Movie Review: Cut From Home

Cut From Home

Cut From Home, a bare-bones indie shot in Savannah, is a hard film to talk about. The characters aren’t people you would encounter in any other film. The subject matter is something that could easily lend itself to melodrama but doesn’t. It does everything it sets out to do. And it does it very well. Almost too well for the cast that the film relies on.

I wouldn’t hold that against Cut From Home, though. Sam (Sam Mallo) and Dani (Dani Niedzielski), two lost souls struggling to stay together as they drift around southern Georgia, would be difficult characters to portray for even the most well-trained actors. They are, as the promo material so aptly puts it, damaged people.

We are thrown into their story when they are at a breaking point, and we are only given flashes of the tragedy that brought them to the place they’re at when we first encounter them. To its credit, the film doesn’t betray the characters with romanticism. It’s realist, almost to a fault.

It may sound like I’m pulling punches, but Cut From Home left me with an ambivalence that’s hard to shake. The film is told from the perspective of Sam, a character who is hard to figure out in the beginning and frustrating at the end. But the film captures Sam honestly and without compromise. He hurts and can’t express it. He’s troubled and he can’t overcome it. Mallo, a non-professional actor, just lacks the nuance to lead us into the the darkest reaches of his character’s emotional abyss.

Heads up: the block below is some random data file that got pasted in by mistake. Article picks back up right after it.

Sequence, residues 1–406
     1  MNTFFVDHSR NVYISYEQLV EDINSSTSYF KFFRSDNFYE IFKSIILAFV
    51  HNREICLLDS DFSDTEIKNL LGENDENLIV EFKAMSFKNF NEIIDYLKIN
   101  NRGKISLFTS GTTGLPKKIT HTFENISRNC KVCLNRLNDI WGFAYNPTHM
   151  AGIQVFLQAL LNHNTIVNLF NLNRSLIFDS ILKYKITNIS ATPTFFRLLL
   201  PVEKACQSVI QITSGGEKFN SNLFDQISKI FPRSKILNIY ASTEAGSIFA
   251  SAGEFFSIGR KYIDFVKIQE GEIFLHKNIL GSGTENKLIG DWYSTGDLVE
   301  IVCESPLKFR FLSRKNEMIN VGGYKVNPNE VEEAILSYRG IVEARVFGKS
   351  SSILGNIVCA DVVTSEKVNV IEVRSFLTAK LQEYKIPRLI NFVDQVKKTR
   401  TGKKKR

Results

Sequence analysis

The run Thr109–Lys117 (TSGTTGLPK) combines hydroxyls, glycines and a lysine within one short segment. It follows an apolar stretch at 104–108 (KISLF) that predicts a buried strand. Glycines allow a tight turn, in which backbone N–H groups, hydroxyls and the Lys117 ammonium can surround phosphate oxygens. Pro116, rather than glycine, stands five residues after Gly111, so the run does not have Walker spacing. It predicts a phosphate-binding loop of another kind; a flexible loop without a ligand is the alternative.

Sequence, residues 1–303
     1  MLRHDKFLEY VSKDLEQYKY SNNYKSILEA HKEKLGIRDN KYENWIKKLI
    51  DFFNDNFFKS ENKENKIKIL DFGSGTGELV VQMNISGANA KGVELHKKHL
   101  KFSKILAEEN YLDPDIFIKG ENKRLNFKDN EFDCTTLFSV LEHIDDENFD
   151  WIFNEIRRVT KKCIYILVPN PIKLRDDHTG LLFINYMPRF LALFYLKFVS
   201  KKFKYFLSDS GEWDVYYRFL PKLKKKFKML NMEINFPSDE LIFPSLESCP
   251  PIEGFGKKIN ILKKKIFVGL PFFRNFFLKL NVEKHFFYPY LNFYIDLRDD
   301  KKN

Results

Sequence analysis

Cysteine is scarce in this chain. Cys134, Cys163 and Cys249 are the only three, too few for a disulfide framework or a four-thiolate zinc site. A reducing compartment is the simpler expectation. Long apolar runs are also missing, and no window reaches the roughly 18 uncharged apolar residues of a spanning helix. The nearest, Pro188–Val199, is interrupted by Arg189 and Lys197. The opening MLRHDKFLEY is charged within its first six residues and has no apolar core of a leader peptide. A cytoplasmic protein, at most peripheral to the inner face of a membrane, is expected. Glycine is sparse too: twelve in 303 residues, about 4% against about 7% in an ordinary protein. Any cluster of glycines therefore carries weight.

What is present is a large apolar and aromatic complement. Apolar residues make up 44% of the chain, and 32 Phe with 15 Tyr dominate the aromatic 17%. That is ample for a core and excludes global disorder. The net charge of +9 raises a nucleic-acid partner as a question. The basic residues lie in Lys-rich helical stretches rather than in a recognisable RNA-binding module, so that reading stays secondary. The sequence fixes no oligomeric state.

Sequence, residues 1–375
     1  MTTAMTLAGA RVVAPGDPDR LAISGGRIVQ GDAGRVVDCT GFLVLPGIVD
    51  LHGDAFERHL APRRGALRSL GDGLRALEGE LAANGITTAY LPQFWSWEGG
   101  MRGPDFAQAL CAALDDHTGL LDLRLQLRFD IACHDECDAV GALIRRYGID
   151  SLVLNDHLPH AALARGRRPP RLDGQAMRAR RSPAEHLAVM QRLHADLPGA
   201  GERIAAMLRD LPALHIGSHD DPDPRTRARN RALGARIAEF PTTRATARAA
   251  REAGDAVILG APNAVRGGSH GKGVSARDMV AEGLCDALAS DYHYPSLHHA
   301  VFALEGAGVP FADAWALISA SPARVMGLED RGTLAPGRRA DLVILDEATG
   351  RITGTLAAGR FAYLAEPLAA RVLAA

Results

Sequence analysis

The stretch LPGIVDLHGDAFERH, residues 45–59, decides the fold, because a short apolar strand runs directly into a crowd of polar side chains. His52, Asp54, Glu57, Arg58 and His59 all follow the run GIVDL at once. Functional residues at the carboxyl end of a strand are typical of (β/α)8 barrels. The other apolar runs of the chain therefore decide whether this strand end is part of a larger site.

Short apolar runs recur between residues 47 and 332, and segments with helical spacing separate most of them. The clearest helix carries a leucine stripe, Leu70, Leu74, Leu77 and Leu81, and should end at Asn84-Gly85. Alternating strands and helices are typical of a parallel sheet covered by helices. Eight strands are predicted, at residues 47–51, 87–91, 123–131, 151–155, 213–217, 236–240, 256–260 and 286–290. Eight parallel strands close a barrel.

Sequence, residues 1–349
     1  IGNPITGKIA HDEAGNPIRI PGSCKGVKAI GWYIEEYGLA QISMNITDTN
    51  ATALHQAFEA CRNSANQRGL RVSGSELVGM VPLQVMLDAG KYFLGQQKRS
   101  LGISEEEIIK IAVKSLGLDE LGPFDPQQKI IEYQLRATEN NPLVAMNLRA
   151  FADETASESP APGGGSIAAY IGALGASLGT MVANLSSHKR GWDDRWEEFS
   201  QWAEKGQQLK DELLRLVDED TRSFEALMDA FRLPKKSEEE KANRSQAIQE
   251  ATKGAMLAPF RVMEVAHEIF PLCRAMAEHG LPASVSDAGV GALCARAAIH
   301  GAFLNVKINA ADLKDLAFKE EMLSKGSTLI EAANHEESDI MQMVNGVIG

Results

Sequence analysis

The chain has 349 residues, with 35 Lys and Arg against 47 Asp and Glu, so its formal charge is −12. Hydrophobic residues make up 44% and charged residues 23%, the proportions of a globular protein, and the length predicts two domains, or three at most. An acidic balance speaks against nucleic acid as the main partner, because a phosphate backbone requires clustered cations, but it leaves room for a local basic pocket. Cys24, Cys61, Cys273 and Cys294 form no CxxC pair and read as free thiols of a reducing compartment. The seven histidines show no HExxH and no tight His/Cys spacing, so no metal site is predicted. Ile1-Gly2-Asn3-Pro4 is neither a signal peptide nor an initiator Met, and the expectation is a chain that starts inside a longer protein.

Thankfully director Jason Shahinfar and his director of photography Brian Udoff are able to convince me with their lens that the emotions unexpressed are both real and raw. The filmmaking style is not unlike that of new American realists like Bahrani or Fleck/Bodin. The camera is allowed to explore the surroundings in which these characters exist, finding moments of ethereal beauty in seemingly bleak locales.

Shahinfar is particularly brave for telling the story at all, but the way he tells it speaks to a boldness I wish I saw in more indies that come my way. Any hesitation I show over complimenting the film in its entirety because of casting choices doesn’t change the fact that there’s something special here. And I’d be shocked if you can’t see this film at a film festival near you in the future.

For more information on Cut From Home, visit


  1. Interesting. Will be watching and reviewing this very shortly. Looking forward to it.

  2. Thanks for this review. I will be looking out for this film.

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